A file image of Sri Lankan tea pickers working on a plantation in Kandy, some 150kms north-east of Colombo. (Photo by Lakruwan Wanniarachchi/AFP)
Tea plantation worker Loganathan Saraswathy, 47, has been fighting for her rights and living in slave-like conditions for years, a common problem in Sri Lanka over a century and a half after the estates were set up.
Saraswathy, who has no land deeds and lives in cramped conditions at an estate in Loolkandura of Kandy district, joined her co-workers in August in marching for their rights to raise awareness of their grievances.
"We don't have a single plot of land that we can call our own," she told ucanews.com. "Due to the low salary we receive, most young people are now eschewing this kind of work and moving to cities to find jobs."
She said she traveled over 100 kilometers from Kandy to Colombo with one of her neighbors on Aug. 21 to attend a large protest rally in the capital.
"My three sons now work in Colombo and my daughter goes to school in Kandy," she said. "I start work plucking tea at 7.30 a.m. and get home around 5 p.m., so the days can be long and challenging."
James Taylor, a Briton credited with introducing the tea industry to Sri Lanka, established the estate on which she works back in 1860.
"I earn about 500 Sri Lankan rupees [US$3] a day if I can pick about 18 kilograms of tea," she said. "If I didn't have this job, I would lose access to this small house and not receive any entitlements at all."
Tea workers were first brought to this island nation from South India about 150 years ago. Many had to live in squalid rooms lacking even the most basic of facilities.
"We work in the face of many difficulties and risks, including landslides, fears of attacks by wild predators like leopards, and the threat of being sexually molested," Saraswathy said.
She said many of the land plots are not offered to the people who work there but sold by the government to developers for higher prices.
If the workers were granted the deeds to the land that, in many cases, has been owned by their families for generations, they would be able to grow crops, raise livestock and earn a more handsome income rather than surviving on a subsistence wage.
The People's Alliance for Right to Land holds a protest in Colombo on Aug. 21 to expose people's ongoing struggle to claim their land. (Photo by Niranjani Roland/ucanews.com)
Jeyachithra Tharmalingam has also joined demonstrations urging the government to respect the basic rights of agricultural workers. The military continues to occupy much of the land that belongs to the Tamils due to national security fears nearly a decade after the civil war ended.
After the armed forces squashed the last remnants of resistance to cap a 26-year civil war with the Liberation Tigers of Tamil Eelam (LTTE) in 2009, large tracks of land inhabited by Tamil communities in the northern and eastern parts of the country were reportedly seized.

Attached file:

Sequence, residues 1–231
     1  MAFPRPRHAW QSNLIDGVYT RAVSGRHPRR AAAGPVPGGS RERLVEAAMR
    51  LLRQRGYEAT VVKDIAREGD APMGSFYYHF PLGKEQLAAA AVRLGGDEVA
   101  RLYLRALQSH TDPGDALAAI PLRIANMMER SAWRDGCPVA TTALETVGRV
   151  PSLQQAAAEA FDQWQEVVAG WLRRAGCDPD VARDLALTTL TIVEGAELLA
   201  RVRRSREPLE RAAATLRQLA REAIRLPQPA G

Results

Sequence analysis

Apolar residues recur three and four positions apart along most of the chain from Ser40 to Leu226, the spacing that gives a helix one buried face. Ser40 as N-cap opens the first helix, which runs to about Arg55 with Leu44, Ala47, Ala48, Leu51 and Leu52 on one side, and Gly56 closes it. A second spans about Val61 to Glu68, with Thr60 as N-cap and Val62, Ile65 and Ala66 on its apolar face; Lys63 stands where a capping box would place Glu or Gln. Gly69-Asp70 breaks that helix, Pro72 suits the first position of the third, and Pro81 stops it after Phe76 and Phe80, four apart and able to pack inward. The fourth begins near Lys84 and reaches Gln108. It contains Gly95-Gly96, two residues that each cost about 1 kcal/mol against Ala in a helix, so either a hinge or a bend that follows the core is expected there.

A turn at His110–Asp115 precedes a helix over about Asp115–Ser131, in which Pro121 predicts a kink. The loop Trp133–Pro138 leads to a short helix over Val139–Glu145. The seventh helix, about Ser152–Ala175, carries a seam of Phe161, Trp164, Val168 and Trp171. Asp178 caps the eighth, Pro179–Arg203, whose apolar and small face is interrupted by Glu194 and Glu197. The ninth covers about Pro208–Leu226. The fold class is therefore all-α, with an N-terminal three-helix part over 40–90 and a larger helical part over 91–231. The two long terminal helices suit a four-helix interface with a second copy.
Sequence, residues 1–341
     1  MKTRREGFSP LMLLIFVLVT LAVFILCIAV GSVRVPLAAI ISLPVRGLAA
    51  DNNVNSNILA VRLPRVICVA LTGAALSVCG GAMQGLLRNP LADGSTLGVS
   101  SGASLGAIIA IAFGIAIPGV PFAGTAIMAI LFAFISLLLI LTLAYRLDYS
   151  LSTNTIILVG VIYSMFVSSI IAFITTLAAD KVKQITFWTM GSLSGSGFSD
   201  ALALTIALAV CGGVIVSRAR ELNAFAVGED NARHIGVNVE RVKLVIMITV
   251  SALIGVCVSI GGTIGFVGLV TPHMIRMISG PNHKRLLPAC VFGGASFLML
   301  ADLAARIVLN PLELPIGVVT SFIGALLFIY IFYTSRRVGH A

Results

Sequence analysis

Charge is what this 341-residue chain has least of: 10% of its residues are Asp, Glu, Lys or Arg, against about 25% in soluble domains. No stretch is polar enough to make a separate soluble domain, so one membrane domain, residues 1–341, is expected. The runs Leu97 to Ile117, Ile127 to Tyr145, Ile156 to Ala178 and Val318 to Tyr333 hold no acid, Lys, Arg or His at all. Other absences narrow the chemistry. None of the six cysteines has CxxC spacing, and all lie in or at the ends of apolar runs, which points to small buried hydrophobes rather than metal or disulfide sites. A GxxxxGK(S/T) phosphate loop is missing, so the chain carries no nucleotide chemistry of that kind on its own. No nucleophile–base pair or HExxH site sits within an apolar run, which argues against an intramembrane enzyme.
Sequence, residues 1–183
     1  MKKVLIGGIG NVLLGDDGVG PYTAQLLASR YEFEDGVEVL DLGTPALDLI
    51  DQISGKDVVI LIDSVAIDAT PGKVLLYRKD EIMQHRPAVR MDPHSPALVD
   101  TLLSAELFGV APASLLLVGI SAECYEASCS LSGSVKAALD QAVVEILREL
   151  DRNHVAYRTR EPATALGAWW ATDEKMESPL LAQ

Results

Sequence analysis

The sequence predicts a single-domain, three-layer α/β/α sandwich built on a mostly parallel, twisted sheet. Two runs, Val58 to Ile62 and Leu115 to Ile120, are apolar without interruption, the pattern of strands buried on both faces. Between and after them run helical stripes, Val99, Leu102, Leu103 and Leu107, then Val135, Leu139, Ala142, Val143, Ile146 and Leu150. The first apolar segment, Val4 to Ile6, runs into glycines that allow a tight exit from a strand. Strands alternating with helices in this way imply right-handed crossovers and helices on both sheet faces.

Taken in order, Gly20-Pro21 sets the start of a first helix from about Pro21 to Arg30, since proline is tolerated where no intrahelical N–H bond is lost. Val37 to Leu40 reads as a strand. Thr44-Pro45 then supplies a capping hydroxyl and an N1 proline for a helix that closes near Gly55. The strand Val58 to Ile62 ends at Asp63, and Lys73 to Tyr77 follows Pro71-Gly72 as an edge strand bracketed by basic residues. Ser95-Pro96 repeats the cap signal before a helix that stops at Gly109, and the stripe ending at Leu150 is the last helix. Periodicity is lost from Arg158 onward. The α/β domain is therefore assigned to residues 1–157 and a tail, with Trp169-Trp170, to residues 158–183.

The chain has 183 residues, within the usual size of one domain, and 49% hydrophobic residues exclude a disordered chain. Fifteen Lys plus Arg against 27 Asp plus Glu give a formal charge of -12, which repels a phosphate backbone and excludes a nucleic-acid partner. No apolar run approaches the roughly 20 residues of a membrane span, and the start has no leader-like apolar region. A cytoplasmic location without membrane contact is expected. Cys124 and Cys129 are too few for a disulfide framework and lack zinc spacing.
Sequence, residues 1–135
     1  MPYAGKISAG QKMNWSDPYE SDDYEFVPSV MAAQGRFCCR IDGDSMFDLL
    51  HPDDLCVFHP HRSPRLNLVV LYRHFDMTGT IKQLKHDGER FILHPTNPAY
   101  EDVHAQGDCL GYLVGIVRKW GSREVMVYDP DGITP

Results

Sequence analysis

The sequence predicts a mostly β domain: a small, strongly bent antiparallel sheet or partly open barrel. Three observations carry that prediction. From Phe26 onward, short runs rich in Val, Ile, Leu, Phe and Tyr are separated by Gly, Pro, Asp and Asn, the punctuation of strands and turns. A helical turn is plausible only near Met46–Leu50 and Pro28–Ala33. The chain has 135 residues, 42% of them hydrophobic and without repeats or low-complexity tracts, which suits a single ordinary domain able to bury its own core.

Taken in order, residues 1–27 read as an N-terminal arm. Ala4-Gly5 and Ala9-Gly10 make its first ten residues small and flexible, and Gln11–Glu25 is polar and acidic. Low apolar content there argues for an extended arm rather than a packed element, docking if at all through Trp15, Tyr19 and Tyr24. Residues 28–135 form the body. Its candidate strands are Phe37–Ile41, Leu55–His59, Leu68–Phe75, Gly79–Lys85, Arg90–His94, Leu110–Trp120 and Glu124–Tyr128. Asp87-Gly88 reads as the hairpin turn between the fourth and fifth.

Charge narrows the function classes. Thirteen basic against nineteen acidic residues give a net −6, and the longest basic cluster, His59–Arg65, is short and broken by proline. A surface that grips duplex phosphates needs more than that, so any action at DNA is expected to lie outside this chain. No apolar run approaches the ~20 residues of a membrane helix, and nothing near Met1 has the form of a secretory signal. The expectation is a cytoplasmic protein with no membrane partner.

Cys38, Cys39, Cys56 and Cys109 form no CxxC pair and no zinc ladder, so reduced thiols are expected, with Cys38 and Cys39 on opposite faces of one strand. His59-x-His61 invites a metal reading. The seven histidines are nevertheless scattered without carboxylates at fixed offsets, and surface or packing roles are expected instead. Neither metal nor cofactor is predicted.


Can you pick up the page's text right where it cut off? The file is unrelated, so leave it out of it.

"There are 22 camps in Myliddy [a small town in Northern Province] and around 2,000 families live there. Many of us suffer due to land rights abuses and resettlement issues," said Tharmalingam. "We need our land back. Our identity, livelihoods and future depend on this."
Soldiers still live in Myliddy and grow coconut trees there, she said. In contrast, regular laborers have no choice but to scrape a living from menial work on the plantations, she added.
However, President Maithripala Sirisena said recently that as much as 88 percent of the land occupied by the military during the post-war period in Northern Province has since been released to its original owners.
He promised on Aug. 22 that by early September it would all be handed back. The president made the vow during the opening ceremony for a reconstructed harbor for fishing trawlers in Myliddy.
The People's Alliance for Right to Land (PARL), a network of land rights activists, has since organized a series of public meetings and protests to raise the issue of land rights for tea workers and war-affected Tamils.
Herman Kumara, a senior figure at PARL who also serves as director of the National Fishery Solidarity Movement, said the government should guarantee the rights of estate workers and internally displaced people are respected.
"Those who work on plantations are from marginalized communities. They don't own anything — no proper housing, land deeds or toilet facilities — even though they have been living in the same rooms and estates for generations," said Kumara.
The tea workers live on the estate in rows of 400-square-foot rooms. However, the government has started selling off the land to shut down some of the tea-cultivating operations, thus robbing the workers of their livelihoods and the land where their families have lived for generations.
"They should be providing [a reasonable measure] of land for housing and home gardening. Abandoned land should be distributed among young people who lack jobs in the plantation sector," he said.
Kumara said many tea workers have either lost their land or otherwise been negatively affected by the government's development programs including the Uma Oya project and other tourism projects in recent years.
Uma Oya is a multipurpose development project that critics have blasted for wreaking unacceptable levels of environmental destruction, with hundreds of wells having dried out and thousands of acres of agricultural land becoming unusable due to all the drilling and tunneling involved.
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